10-18 steel

English translation: plain carbon steel containing 0.18 wt% carbon

07:28 Oct 9, 2007
English language (monolingual) [PRO]
Tech/Engineering - Metallurgy / Casting / steel types
English term or phrase: 10-18 steel
what do the numbers signify?
(context: "The frame is built from 10-18 steel...")
Pike
Croatia
Local time: 02:50
Selected answer:plain carbon steel containing 0.18 wt% carbon
Explanation:
Assuming that the numbers are in the right order, this isn't stainless steel but tooling steel. There is more than one agency that grades steel. See the references below. You can find more information by following the links within the references :-)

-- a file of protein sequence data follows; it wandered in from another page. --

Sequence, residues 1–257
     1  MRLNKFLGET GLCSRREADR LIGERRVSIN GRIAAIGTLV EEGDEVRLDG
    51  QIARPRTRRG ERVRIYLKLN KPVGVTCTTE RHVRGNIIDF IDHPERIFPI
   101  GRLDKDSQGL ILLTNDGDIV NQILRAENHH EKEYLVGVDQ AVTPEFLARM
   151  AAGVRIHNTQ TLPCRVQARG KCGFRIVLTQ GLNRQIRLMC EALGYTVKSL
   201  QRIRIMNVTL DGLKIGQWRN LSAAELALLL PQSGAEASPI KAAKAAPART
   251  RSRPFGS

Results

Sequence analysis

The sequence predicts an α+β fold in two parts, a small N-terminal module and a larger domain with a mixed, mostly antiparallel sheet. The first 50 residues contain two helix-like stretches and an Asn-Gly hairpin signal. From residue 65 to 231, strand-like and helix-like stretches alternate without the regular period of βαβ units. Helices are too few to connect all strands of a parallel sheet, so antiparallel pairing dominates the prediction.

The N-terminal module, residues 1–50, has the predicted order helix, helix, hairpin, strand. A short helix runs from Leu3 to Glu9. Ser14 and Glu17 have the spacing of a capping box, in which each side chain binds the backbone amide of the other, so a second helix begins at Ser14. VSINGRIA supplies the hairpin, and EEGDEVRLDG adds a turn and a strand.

Carbon Steel and Low Alloy Steel
Carbon steels and low alloy steels are designated by a four digit number, where the first two digits indicate the alloying elements and the last two digits indicate the amount of carbon, in hundreths of a percent by weight. For example, a 1060 steel is a plain carbon steel containing 0.60 wt% C.
http://en.wikipedia.org/wiki/AISI_steel_grades

The Unified Numbering System (UNS) is an alloy designation system widely accepted in North America. It consists of a prefix letter and five digits. A prefix of S indicates steel alloys, C for copper, brass, or bronze alloys, T for tool steels, etc. The first three digits often match older three-digit numbering systems, while the last two digits indicate more modern variations. For example, Copper Alloy No. 377 (forging brass) in the original three-digit system became C37700 in the UNS System. The UNS is managed jointly by the American Society for Testing and Materials and the Society of Automotive Engineers.
Steel Grades
http://en.wikipedia.org/wiki/Steel_grades